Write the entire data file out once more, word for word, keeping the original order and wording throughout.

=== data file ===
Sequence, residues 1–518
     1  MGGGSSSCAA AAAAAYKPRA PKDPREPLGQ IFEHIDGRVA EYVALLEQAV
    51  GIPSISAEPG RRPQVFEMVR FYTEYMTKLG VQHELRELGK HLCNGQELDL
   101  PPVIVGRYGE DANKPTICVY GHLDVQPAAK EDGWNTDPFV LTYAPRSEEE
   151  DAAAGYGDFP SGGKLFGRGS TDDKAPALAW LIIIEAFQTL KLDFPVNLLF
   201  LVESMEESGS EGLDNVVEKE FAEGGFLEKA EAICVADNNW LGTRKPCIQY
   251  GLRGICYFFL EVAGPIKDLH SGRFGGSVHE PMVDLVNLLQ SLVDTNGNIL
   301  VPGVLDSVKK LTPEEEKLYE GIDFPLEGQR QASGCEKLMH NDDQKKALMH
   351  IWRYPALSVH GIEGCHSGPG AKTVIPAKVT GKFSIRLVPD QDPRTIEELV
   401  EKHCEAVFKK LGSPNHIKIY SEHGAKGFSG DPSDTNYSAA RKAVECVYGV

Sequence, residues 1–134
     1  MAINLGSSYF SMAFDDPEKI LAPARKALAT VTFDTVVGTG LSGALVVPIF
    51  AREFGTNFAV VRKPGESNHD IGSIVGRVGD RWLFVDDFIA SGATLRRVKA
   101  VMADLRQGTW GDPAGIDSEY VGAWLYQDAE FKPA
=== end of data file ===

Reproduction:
Sequence, residues 1–518
     1  MGGGSSSCAA AAAAAYKPRA PKDPREPLGQ IFEHIDGRVA EYVALLEQAV
    51  GIPSISAEPG RRPQVFEMVR FYTEYMTKLG VQHELRELGK HLCNGQELDL
   101  PPVIVGRYGE DANKPTICVY GHLDVQPAAK EDGWNTDPFV LTYAPRSEEE
   151  DAAAGYGDFP SGGKLFGRGS TDDKAPALAW LIIIEAFQTL KLDFPVNLLF
   201  LVESMEESGS EGLDNVVEKE FAEGGFLEKA EAICVADNNW LGTRKPCIQY
   251  GLRGICYFFL EVAGPIKDLH SGRFGGSVHE PMVDLVNLLQ SLVDTNGNIL
   301  VPGVLDSVKK LTPEEEKLYE GIDFPLEGQR QASGCEKLMH NDDQKKALMH
   351  IWRYPALSVH GIEGCHSGPG AKTVIPAKVT GKFSIRLVPD QDPRTIEELV
   401  EKHCEAVFKK LGSPNHIKIY SEHGAKGFSG DPSDTNYSAA RKAVECVYGV

Sequence, residues 1–134
     1  MAINLGSSYF SMAFDDPEKI LAPARKALAT VTFDTVVGTG LSGALVVPIF
    51  AREFGTNFAV VRKPGESNHD IGSIVGRVGD RWLFVDDFIA SGATLRRVKA
   101  VMADLRQGTW GDPAGIDSEY VGAWLYQDAE FKPA